I’ll never forget the moment I found out that I was having a boy. This was my first child, and, I must admit, I had been looking longingly at the lovely, frilly dresses for girls in the baby section.
During my ultrasound, though, when I heard the words, “It’s a boy!” I was just filled with gratitude that he was healthy and doing well. Little did I know that as powerful as those three little words were that day, parenting my son would teach me even more about how words change lives.
My son is now thirteen years old, making me an unwilling parent of a teenager. My family likes to joke that my son is my mini-me—he loves to read, is inquisitive by nature, enjoys my “punny” humor, and delves into impromptu philosophical discussions with me. He also likes to stack the bowls in the cupboards in even numbers or else it bothers him. I totally understand.
Growing up, he was always especially aware of routine. If any part of the routine went awry, he was a mess. He would fall apart emotionally. This was especially evident in transitions from one task to another (particularly if the next task was not as enjoyable). As he transitioned from nonverbal to verbal, the most powerful moments for him were when I could verbalize his frustration.
I remember one time he was angry about dirt on his shoe (yes, he was that child). He was crying vehemently, and it took me awhile to figure out what his problem was. When I said, “Are you sad because you got dirty?” He yelled, “Yes!” and hugged me so tightly. This was a learning moment for me. He needed me, at his point in his life, to give him words.
The topics have now changed, but I still see myself providing a vital role in helping my son find his words. With hormones raging, he struggles to identify the cause of all the anguish and to find his way out of it. My daughter, on the other hand, has many words. She doesn’t need my help, only my patience. My son though still needs me to help him uncover what is hidden to him. My hope is that as I model how to find the hurt and fear behind the rage that my son will learn how to stop and listen to his heart. And, once he can hear it, I am praying that he will learn the power of speaking truth to his woundedness—without me.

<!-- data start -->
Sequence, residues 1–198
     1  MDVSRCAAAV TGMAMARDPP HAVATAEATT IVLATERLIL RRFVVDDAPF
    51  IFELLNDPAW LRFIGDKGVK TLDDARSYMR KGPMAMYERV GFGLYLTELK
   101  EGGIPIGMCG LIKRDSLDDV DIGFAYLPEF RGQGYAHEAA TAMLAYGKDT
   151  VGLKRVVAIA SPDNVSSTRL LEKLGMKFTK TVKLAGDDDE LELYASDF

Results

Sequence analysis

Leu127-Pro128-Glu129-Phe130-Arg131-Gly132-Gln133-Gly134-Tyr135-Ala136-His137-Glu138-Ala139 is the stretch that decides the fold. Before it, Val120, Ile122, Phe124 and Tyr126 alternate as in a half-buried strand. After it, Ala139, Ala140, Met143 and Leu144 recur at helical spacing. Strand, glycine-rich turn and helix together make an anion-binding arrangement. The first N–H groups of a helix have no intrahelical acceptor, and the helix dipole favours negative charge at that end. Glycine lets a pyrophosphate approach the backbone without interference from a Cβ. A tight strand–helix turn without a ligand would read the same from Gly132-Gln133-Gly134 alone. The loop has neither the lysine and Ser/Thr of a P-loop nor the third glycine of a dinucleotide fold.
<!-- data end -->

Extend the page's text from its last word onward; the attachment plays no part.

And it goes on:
This I cannot control, but I can patiently lead him again and again along the timeworn path, trusting that God is also walking with us, teaching my son to hear God’s voice. “Behold, you delight in truth in the inward being, and you teach me wisdom in the secret heart” (Psalm 51:6, ESV).
This is my gift to my son, a gift many men do not grow up with. Instead, they are taught that emotions are silly or effeminate and should therefore be ignored (or at least restrained). These men now struggle with anger and health issues that don’t seem to have any clear causes. They struggle to connect with spouses or significant others, not understanding the value of conversation to solve problems. Simply put, they struggle without their words.
Scripturally, we know that words are powerful. God spoke the world into creation (Genesis 1). Jesus is called the Word (John 1). Saving faith comes by the hearing of the Word (Romans 10:17). In Isaiah 55:11 (ESV), God testifies to this when he says, “so shall my word be that goes out from my mouth; it shall not return to me empty, but it shall accomplish that which I purpose, and shall succeed in the thing for which I sent it.”
Our words do not transform the fabric of the universe, but they can transform the fabrics of our hearts, particularly when the words spoken are truth. For those of us who are parents of sons, start now to teach them the value of the spoken word. We can start with God’s transcendent Word, then their own inner voice, and, finally, we can show them how words are a means of building connections with those around them. For me, giving my son love means giving him words to express it.
This article appeared in “Boys Don’t Cry: A Crisis of Vulnerability,” the Autumn 2018 issue of Mutuality magazine. Read the full issue here.